Ukraine-Russia war: 5 key questions to analyze what could happen in 2023
Will 2023 be the year of war escalation, resolution or brutal stalemate in Ukraine, which will celebrate its first anniversary in February? Russia editor Steve Rosenberg and international editor Jeremy Bowen share their thoughts on the BBC’s Today programme.
After months of brutal fighting and catastrophic losses on both sides, is there any sign that Russian President Vladimir Putin is tired of the battle?
Steve Rosenberg : “Fatigue, no – there is no sign. The New Year’s speech of the Russian president gives us a good idea of the current situation of Vladimir Putin, what he thinks and the direction he is going. He wants to give Russia in 2023.
“Indeed, as he made his speech, men and women in uniform stood behind him, looking glum. It told the nation, ‘This is your country now. This is Russia in 2023 – a country at war,” was a vivid image.
Although not yet called war, [c’est] a country where everything is aimed at military victory over Ukraine, NATO, the West, and where everyone is expected to support these goals and be ready to make the ultimate sacrifice – no discussion, no discussion about it, no rallying around the flag. , gather around me, your leader.
They were just visions and when you listen to what he actually said – no olive branches, no compromises, no “let’s find a way out of this mess”.
He is a president who intends to secure victory because either he really believes victory is possible or Putin knows that he is now so interested in this that there is no turning back for him and his only option is to hope for something. . it changes in his favor.”
And the Ukrainians? Will they continue their efforts?
Jeremy Bowen : “[Le président ukrainien Volodymyr Zelensky a parlé de] regain their lost lands – and this includes Crimea, a large province they lost in 2014.
Zelensky has proven himself to be an excellent general, but what they can achieve militarily depends on the support of NATO and, above all, what they get from the United States – the sophisticated weapons they have. , like the Himars missile system, caused a lot of damage.
But in Washington, President Biden took a rather cautious approach, saying that he should not let Ukraine lose and support them so that they can win, but not corner Russia as these threats: nuclear power can become a reality.
Today, Ukrainians understand that they need greater striking power to reconquer their territory. The last time I was in Ukraine, when the Russians were retreating from the southern city of Kherson, every commander in the region I spoke to told me that they needed much, much more punch in terms of modern weapons to win the war the way they wanted to. tanks and planes and that’s what they don’t get.”
Will foreign support to Ukraine decrease?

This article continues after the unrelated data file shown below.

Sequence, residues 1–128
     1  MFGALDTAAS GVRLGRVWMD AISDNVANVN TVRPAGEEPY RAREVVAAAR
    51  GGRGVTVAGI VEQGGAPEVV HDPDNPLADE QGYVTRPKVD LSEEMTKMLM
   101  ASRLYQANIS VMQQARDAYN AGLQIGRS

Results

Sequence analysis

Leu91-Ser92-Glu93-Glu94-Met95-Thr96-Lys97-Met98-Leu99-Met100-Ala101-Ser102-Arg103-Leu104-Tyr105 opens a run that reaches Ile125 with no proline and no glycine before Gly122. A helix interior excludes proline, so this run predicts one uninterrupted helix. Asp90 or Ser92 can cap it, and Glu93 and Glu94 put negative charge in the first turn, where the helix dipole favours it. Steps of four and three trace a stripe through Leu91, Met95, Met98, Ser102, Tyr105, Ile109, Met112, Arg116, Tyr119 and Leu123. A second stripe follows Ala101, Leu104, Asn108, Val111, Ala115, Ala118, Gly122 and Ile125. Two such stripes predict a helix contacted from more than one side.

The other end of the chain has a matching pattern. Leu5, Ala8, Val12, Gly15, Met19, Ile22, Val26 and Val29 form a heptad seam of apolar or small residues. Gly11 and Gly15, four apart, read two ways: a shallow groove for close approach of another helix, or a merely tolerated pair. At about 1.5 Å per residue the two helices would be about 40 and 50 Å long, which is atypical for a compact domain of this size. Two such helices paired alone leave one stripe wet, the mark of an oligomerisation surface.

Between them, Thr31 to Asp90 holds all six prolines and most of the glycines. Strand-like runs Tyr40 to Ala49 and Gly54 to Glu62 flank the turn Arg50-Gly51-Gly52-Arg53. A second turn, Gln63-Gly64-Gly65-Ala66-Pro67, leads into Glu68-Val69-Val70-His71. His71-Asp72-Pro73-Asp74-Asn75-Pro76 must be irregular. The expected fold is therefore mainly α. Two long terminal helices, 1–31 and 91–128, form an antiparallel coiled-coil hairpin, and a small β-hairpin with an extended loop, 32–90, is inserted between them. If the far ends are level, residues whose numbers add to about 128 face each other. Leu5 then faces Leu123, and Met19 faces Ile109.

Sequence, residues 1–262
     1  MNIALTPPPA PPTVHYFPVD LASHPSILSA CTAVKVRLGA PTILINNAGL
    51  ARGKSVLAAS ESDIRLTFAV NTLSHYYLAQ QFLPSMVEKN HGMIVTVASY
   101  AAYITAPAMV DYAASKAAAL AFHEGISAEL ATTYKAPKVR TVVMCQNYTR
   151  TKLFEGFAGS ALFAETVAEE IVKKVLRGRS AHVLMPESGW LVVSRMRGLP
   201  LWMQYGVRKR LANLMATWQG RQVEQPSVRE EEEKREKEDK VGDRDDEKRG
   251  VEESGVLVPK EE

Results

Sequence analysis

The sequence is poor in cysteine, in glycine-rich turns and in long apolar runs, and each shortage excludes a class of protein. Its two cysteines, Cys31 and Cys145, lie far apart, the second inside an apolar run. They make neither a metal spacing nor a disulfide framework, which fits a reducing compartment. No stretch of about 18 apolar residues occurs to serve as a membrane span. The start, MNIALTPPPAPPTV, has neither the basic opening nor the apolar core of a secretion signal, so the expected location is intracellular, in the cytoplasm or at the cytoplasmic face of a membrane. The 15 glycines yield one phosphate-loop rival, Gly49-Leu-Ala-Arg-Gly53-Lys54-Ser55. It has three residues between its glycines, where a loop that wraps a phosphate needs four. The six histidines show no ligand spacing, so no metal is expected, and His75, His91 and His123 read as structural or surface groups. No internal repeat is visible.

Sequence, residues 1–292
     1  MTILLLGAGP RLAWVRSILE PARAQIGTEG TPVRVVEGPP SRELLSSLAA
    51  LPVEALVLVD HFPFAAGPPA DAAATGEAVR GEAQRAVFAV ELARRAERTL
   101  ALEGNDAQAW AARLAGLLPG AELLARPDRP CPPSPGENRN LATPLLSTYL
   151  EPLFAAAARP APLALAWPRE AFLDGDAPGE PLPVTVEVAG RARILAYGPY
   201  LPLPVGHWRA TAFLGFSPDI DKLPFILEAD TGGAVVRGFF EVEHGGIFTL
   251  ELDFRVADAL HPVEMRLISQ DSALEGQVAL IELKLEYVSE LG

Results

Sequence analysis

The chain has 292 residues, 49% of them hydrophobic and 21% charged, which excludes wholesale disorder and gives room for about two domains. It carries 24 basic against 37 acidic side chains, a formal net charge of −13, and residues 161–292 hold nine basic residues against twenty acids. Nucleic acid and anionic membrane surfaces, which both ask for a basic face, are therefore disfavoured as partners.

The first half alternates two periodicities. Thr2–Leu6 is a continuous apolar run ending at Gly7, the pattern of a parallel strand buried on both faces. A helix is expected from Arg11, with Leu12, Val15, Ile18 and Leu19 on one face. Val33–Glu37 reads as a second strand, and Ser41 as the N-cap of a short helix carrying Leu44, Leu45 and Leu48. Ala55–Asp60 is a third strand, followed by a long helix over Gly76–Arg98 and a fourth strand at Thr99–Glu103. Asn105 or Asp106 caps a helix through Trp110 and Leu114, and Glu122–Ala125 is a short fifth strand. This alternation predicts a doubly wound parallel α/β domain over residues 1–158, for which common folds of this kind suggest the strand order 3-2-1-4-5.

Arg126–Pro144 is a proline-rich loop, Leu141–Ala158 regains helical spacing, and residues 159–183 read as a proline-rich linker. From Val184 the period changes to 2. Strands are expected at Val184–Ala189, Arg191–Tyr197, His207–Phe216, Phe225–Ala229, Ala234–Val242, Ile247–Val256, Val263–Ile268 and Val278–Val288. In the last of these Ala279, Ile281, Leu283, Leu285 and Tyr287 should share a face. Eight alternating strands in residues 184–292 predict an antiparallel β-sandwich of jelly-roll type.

Rosenberg: “I think it’s part of the calculation [Poutine]because no matter how bad things have gone for him since February 24 last year, he still believes that he has strong cards in his hands, and I think the West will get tired of this war and reduce its support for Ukraine.
There are all kinds of rumors and speculations that there may be a new wave of mobilization in Russia, there is talk of a possible spring offensive of the Russian army. The authorities remain optimistic and talk about victory.”
Bowen: “In November, General Mark Milley, chairman of the US Joint Chiefs of Staff, said that retaking Crimea would be difficult, and perhaps he meant it was undesirable. , but the fact is that he created them.”
And support in Russia?
Rosenberg: “Currently, there is a gap between the messages from the Kremlin and the realities on the ground.
On the one hand, you have Putin declaring in his New Year’s speech that he will rally the nation to victory, and minutes later – literally – Ukraine launches this devastating missile strike on the Makiivka barracks.
I’m talking about a disconnect, but what we’re actually seeing is this parallel reality that we’ve been talking about for almost a year now.
If you want to know what the Russia of 2023 looks like, cross Lewis Carroll and George Orwell and you’ll have an idea. This is a really weird mix from 1984[Alice] from the mirror where everything is upside down, right side up and upside down: war is peace, ignorance is power.
The Kremlin has created such an alternative reality that from morning to night the state media portrays Russia as the victim, and Ukraine and the West as the aggressors who started the war.
Is each party willing to seek an agreement?
Bowen: “Is there any landing zone for negotiations now? I don’t think so, because Putin either believes that he will win or he has to continue anyway.
And the Ukrainians believe they can win, and after losing so much blood and absorbing so much damage, they will not be tricked into making concessions they don’t want.
Since the start of the war, Zelensky’s tone has changed. In March, in the first weeks when the capital appeared to be under real threat from the Russians, he made statements such as “Life is important, perhaps more important than territory.”
Now they say that they want every square meter back, and if they want to talk, then the Russians should leave their territory.”